Honesty on the part of the doctor enables the patient to free-up that active part of his or her natural resistance which will help to fight an illness. It is very difficult for passive patients to get well, because they are not bringing out their instinct to fight for their own health. Doctors need to help patients by being honest, and, by so doing, bring into play a part of the healing process which, even though much subtler, will often turn out to be the most significant and useful part of treatment.

How aware is your doctor of alternative healing methods?

For each illness there may be more than one treatment possibility. because each person is an emotional and spiritual entity, in addition to being a physical one, doctors must look to all three dimensions in order to gain the maximum healing perspective. The same treatment may not work for all patients, nor may it always work for the same illness.

Doctors need to have a broad spectrum. They cannot limit themselves to thinking that the most accepted treatment methods are the only ones that work. Some patients need to be treated by methods which may not have the full backing of the entire medical community. But if that is what the patient needs and wants, and if it is non-toxic and if it is available, then it is incumbent upon doctors to use that treatment or to refer the patient to someone who is skilled at it.

Do you experience your doctor as a compassionate human being?

In their attempt to be objective and technically correct, doctors often overlook the deeper human qualities within a patient. By doing this they are also overlooking their own untapped capacity to treat patients with a good deal of love. Love is another one of those tools that the good practitioner must carry in his treatment bag.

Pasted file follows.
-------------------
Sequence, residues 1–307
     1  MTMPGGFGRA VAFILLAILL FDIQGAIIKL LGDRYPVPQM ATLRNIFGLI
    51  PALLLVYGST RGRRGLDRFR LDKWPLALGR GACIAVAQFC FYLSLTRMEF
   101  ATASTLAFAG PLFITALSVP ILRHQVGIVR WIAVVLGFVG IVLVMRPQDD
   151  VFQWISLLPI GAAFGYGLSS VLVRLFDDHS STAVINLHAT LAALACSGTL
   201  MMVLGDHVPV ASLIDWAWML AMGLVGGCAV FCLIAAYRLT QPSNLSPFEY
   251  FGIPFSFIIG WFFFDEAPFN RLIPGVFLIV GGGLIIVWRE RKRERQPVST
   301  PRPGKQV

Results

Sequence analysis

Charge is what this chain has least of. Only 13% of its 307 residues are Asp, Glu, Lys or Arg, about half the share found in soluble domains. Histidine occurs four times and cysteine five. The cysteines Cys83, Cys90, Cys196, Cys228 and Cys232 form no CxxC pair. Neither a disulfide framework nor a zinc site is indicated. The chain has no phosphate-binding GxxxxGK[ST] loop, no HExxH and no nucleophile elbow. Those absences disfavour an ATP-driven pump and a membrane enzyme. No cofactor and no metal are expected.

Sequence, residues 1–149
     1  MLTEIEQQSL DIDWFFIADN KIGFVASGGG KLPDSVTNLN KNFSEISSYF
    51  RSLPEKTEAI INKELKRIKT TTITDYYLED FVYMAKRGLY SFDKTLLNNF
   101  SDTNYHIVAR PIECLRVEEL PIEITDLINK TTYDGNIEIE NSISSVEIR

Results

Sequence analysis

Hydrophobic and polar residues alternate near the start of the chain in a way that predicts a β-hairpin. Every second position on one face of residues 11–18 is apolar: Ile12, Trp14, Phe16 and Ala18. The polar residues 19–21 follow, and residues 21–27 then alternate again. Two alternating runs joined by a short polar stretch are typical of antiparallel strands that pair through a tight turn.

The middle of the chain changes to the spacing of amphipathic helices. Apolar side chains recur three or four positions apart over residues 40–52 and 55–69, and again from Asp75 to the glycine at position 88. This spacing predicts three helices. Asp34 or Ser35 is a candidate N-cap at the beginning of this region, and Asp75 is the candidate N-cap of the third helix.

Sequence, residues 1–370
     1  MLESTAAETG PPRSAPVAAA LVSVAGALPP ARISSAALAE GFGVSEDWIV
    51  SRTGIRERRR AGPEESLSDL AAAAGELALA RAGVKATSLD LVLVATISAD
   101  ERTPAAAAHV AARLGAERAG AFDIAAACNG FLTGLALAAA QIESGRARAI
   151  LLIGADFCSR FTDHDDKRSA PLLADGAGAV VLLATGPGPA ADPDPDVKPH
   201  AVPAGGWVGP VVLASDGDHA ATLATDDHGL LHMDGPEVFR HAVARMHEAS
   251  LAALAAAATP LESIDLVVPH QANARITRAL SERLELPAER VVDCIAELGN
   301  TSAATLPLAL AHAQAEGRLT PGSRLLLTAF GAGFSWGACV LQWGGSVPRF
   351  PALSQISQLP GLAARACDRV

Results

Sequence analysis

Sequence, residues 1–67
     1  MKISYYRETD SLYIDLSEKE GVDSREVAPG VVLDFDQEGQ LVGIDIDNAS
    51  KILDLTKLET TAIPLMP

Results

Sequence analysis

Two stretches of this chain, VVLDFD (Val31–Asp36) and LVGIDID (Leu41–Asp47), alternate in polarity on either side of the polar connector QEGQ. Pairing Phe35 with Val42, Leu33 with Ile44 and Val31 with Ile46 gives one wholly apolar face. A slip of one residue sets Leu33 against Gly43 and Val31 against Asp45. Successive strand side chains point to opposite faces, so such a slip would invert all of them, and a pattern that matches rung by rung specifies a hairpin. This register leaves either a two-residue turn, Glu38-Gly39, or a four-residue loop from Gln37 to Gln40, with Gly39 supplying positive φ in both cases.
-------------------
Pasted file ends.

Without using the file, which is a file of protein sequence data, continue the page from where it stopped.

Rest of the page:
A 71-year-old woman with cancer which had spread to the liver was coming to see me on a weekly basis for psychotherapy. After a few sessions it became apparent that there was a good deal of anger within this patient. She was not angry at her children, she was not angry at her relatives or her friends or even herself. Who was she angry at? She was angry at her treating doctor. Why? Because his emotional response to her was flat and unaffective. She did not get any sense that he cared about her as a human being who was struggling for her life. Because she did not feel this love coming from him she did not totally either trust or carry out fully his treatment procedures. So he, the doctor, was defeating his own purpose in many ways by not expressing the compassion and concern which the patient needed to feel from him. We are not condemning the doctor here. We are simply saying that he needs to reach into his treatment bag and use this love to help treat his patients.

Does your doctor care what you eat?

Nutrition is such a major factor in a patient's health that it cannot be overestimated. It is absolutely essential that each doctor see the connection that nutrition has to health. I have had many patients who have been helped just by changing their nutrition around.